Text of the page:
WARNING: The following contains spoilers for director Todd Phillips' Joker, in theaters now.
Despite trying to be a singularly unique comic adaptation, director Todd Phillips' Joker actually possesses similarities to some previous Batman films -- most notably Christopher Nolan's The Dark Knight Rises. Both introduce a clash between the wealthy and the poor only to brush aside any real exploration of that them in favor of transforming the unhappy masses into faceless mobs.
Joker is entirely focused on showing that the world is just as angry as its protagonist, Joaquin Phoenix's Arthur Fleck. But, like 2012's The Dark Knight Rises, the new film sets up a brewing conflict between the haves and have-nots, only to use it as an excuse to unleash chaos. Neither film provides a genuine examination of the class divide; it serves merely as set dressing.
RAGE AGAINST THE MACHINE
In Joker, sanitation strikes in Gotham have led to massive pileups of garbage, and rats swarm the streets. When Arthur Fleck murders three employees of Wayne Enterprises in a moment of panic, the crime inspires the hoi polloi to believe they possess the power to do something about their station in life. It's a grim take on the ideals Batman typically professes as the vigilante-protector of the crime-riddled city.
Wealthy mayoral candidate Thomas Wayne, the father of Bruce Wayne, only makes matters worse by speaking out against the growing protests. The civil unrest swiftly turns to rage, but there's no exploration of what is making the common people so angry; there's no indication of their specific needs.
As the film becomes more about Arthur descent into madness, many among the lower classes begin to wear Joker masks that aren't meant to symbolize hope, or even solidarity, but protest, which becomes an excuse for violence, and then, by the final act, murder (Thomas and Martha Wayne are among the victims, naturally). It transforms those who were once speaking out against income disparity into a murderous mass. It's a dark reading of social movements, suggesting that, at best, they could lead to mass violence, and, at worst, political protest is a mere precursor to violence.
A similar beat was used in The Dark Knight Rises, which depicts a growing social unrest in Gotham. While Catwoman schemes, and predicts the fall of the wealthy, Bane and Talia al Ghul use the growing agitation as a tool to target Bruce Wayne and destroy the city.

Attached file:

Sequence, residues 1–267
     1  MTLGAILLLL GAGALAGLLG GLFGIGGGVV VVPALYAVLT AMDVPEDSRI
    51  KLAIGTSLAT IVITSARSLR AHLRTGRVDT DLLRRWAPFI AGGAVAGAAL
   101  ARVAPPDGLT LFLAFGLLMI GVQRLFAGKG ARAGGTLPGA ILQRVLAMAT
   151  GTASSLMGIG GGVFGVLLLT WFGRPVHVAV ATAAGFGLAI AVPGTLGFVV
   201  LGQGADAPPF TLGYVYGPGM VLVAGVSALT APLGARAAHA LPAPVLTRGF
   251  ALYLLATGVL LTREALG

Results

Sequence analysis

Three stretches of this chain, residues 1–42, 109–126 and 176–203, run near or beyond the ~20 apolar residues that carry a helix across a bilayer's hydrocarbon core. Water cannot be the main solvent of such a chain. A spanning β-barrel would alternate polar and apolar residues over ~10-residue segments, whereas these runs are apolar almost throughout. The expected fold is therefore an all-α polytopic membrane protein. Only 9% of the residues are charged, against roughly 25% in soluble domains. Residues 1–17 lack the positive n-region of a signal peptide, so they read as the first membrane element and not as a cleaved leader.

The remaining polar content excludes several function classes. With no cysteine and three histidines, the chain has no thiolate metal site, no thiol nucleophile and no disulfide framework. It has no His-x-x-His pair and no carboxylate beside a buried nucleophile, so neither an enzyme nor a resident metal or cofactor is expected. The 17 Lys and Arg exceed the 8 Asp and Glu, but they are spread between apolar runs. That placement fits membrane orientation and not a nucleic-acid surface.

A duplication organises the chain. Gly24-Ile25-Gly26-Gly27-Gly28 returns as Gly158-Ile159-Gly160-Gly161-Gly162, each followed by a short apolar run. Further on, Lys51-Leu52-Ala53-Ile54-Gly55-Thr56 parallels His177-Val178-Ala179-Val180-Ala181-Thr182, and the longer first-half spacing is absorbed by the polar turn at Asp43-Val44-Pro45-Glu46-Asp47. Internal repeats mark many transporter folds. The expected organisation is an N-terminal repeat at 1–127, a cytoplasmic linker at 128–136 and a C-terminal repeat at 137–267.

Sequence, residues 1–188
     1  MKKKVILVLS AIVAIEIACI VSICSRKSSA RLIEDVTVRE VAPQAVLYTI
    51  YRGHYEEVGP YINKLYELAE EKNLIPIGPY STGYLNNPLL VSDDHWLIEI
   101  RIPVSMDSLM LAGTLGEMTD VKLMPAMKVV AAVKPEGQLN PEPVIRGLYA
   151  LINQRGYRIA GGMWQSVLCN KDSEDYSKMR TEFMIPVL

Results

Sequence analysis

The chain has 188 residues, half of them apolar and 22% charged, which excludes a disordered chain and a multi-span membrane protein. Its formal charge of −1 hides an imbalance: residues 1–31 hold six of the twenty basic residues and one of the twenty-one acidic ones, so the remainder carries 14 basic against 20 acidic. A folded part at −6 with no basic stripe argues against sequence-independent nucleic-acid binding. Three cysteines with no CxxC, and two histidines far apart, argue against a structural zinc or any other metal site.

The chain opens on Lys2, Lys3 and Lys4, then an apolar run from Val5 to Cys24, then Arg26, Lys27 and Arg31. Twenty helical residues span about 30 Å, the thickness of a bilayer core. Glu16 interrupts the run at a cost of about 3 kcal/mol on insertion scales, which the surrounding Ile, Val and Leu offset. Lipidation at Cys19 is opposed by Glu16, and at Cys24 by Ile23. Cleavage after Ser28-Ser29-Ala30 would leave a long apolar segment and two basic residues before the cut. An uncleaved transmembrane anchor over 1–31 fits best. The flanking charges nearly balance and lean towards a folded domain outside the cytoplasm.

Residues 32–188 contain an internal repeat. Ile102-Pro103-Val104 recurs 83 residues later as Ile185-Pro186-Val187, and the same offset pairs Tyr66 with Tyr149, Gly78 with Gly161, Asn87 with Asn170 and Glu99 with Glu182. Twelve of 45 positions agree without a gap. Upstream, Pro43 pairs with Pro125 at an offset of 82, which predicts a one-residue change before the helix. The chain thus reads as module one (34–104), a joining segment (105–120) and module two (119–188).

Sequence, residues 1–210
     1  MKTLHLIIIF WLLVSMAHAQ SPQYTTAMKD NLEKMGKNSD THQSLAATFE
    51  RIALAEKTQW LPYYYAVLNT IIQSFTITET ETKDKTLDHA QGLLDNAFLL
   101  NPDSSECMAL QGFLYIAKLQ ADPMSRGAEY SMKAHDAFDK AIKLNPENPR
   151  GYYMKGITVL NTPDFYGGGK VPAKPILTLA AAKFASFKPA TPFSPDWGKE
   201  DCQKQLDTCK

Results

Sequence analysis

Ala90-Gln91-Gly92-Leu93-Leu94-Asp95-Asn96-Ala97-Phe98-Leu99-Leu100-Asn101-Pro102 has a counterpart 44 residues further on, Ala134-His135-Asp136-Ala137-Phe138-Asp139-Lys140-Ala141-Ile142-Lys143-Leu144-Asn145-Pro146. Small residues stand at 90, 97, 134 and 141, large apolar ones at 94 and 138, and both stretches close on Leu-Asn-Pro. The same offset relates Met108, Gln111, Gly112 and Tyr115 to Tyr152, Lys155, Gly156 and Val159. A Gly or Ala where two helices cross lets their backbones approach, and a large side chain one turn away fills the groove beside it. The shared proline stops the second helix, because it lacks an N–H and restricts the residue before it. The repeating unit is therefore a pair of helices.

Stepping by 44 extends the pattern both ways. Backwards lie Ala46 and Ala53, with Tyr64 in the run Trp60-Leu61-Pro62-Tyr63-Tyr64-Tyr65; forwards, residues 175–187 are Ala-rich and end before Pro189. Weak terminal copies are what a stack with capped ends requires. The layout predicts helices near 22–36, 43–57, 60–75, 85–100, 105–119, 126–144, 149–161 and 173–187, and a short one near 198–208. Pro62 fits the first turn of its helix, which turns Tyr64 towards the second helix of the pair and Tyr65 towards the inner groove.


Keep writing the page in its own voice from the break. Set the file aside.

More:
The wealthy are also targeted in the film, particularly once Bane cuts off the city from the rest of the country. Like Joker, The Dark Knight Rises up a potentially compelling question about the public responding to those in power committing crimes, only for a bad person to hijack the unrest, which then leads to chaos.
Like Joker, a social movement is transformed into a mob, with riots staged for the mere sake of rioting. Bane also increases the danger by installing bizarre institutions like Scarecrow's court and unleashing the criminals of Gotham. But any genuine complaint that Selina Kyle or the other marginalized people of Gotham could have levied against the wealthy are washed away in an unruly horde that pillages the city, and then hides for the rest of the film. There's no awareness of why these people are angry, it's simply an expression of outrage.
What makes this more disappointing is that there is a moment in Joker when Phillips seems to be pushing the narrative further down the path of a terrible man becoming an unlikely figurehead. Toward the end of the second act, Arthur confronts Thomas Wayne at a prestigious music hall, and uses the protest outside the venue as a distraction so he can sneak inside. There, he sees an audience of Gotham's wealthiest watching the 1936 classic Modern Times.
Directed by and starring Charlie Chaplin, the silent comedy centers on his Little Tramp character, who attempts to survive in a modern world in which workers are shunted around jobs, hired, fired and arrested, almost at random. It's a harsh critique of unfair work standards of the era, and a celebration of the common man. It's a film about how tough it is to be an average joe in an increasingly industrialized setting. But that message seems to be lost on the crowd of Gotham's rich, who laugh at Chaplin's antics but ignore the protest outside that's chanting the same message.
It's a genuinely inspired moment, but the last real thread of that theme in Joker. Like The Dark Knight Rises before it, Joker introduces the complicated (and compelling) question of how a franchise nominally about the super-wealthy deals with the issue of a class divide. Joker has a moment of exploration of that idea, but drops that in favor of chaos for the sake of chaos.
Directed by Todd Phillips, Joker stars Joaquin Phoenix, Robert De Niro, Zazie Beetz, Frances Conroy and Brett Cullen.
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